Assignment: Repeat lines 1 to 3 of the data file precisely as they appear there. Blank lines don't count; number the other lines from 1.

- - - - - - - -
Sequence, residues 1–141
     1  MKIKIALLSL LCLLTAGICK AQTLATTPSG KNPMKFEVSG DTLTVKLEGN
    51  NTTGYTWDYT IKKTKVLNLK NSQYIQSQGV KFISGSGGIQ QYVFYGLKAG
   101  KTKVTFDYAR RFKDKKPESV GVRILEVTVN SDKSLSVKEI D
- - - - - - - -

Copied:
Sequence, residues 1–141
     1  MKIKIALLSL LCLLTAGICK AQTLATTPSG KNPMKFEVSG DTLTVKLEGN
    51  NTTGYTWDYT IKKTKVLNLK NSQYIQSQGV KFISGSGGIQ QYVFYGLKAG